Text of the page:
First Baseman Paul Konerko is entering the final year of a 3-year deal that was signed prior to the 2011 season. The veteran has been a member of the White Sox for 14 seasons, debuting in 1999. During his time on the south side, Konerko has been a leader, captain, and offensive force for the White Sox. He has supplied great power, a good average, and underrated defense all while playing at least 137 games every season.  In addition, Konerko has been a 6-time all-star and a World Series champion. Following A.J. Pierzynski’s departure this offseason, Konerko is the only member of the 2005 World Series team that still remains. As Konerko gets set to play the last year of his contract, he continues to be an effective player. Given his production and status as team captain, the White Sox would be wise to make sure Konerko retires in Chicago.

Paul Konerko will enter the 2013 season at 37 years old, and because of that the White Sox do not need to offer him an extension right now. However, if Konerko remains healthy and has a desire to continue playing baseball following the 2013 season, the White Sox should offer him a two-year contract through the 2015 season. That contract would allow Konerko to play until he is 39 years old, and more likely to retire as he approaches 40s. Since Konerko has already expressed that he would not rule out retiring after this season, it makes me believe that he will not be playing baseball into his 40s. Furthermore, those statements also lead me to think that Konerko would rather retire than play for another team.

During Konerko’s tenure as a White Sox, he has been a fan favorite and the face of the franchise. Owner Jerry Reinsdorf has always been fond of Konerko. He played a vital role in delivering Reinsdorf his first and only World Series trophy, and also gave Reinsdorf the “final out” baseball from World Series clinching Game 4. Those two things, along with Konerko’s play, have already earned him two separate contracts and would likely force Reinsdorf to once again fork over the money needed to re-sign him.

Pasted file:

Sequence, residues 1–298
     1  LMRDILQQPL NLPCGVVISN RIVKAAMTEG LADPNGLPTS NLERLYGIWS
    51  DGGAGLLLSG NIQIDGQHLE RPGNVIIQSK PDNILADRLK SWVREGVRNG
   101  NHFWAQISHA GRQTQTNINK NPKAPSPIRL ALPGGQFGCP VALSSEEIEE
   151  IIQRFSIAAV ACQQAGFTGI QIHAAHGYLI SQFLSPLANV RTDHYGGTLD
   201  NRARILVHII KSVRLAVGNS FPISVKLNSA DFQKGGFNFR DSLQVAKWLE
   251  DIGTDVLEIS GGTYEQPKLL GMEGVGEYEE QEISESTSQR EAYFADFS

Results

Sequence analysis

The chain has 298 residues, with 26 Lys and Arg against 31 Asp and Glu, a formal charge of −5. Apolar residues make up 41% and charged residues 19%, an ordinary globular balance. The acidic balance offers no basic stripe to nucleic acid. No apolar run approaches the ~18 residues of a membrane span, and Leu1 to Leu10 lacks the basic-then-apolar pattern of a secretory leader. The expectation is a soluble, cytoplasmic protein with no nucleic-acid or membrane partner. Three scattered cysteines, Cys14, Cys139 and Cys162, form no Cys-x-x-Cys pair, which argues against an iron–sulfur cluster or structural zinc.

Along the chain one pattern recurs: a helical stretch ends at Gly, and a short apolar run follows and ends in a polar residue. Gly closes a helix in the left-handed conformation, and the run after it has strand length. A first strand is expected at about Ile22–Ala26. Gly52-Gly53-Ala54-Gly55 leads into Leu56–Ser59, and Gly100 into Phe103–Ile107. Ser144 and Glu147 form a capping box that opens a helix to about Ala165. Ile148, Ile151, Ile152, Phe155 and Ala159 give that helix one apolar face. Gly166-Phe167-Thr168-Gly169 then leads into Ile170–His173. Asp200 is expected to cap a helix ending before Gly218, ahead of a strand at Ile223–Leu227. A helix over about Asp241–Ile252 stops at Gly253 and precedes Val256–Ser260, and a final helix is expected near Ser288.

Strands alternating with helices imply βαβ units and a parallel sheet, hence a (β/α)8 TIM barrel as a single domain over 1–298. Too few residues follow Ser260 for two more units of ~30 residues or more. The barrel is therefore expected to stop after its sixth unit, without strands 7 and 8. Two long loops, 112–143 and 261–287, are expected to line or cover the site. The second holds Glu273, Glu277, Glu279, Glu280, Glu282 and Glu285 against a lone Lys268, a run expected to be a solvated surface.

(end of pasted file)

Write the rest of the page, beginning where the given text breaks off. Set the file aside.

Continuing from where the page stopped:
If you are worried about Konerko’s age and potential declining skills, don’t be. Konerko has shown little signs of slowing down offensively, and should be able to post more than useful numbers for the next three seasons. As Konerko continues to get older, he will be able to split time at first base and designated hitter for the next two years while Adam Dunn is still a member of the team. The White Sox do not have a known replacement for Konerko at this time, but outfielder Dayan Viciedo could be a possible candidate to replace Konerko in 2016. Viciedo’s size, power, and mediocre fielding skills make him a strong candidate to fill that void. With Adam Dunn gone after the 2014 season, Konerko could help teach and mentor Viciedo while splitting time with him at first base and DH.

By playing his final three seasons as a White Sox, Konerko would also likely reach 500 home runs. Konerko currently sits at 422 career homers, needing only 78 more to join the elusive club. To accomplish that feat, Konerko would need to average a very-doable 26 home runs a year. Considering how much Konerko has meant to the White Sox, it would be a special moment for him, the fans, and the organization to see him reach that milestone in a Sox uniform. As a lifelong fan of Konerko and the White Sox, I would thoroughly enjoy that. I am still disappointed on how Frank Thomas’ White Sox career ended with Kenny Williams as GM, and would love to see the Sox handle Konerko’s situation differently. Seeing Thomas finish his career in another uniform, and hit his 500th home run as a Toronto Blue Jay just didn’t seem right. Hopefully, the White Sox won’t allow that to happen to another south side legend. Konerko will undoubtedly have his number 14 retired and statue erected at U.S. Cellular Field when his career is over. It would only be fitting to see that career end in Chicago.

-Eric Tichelbaut

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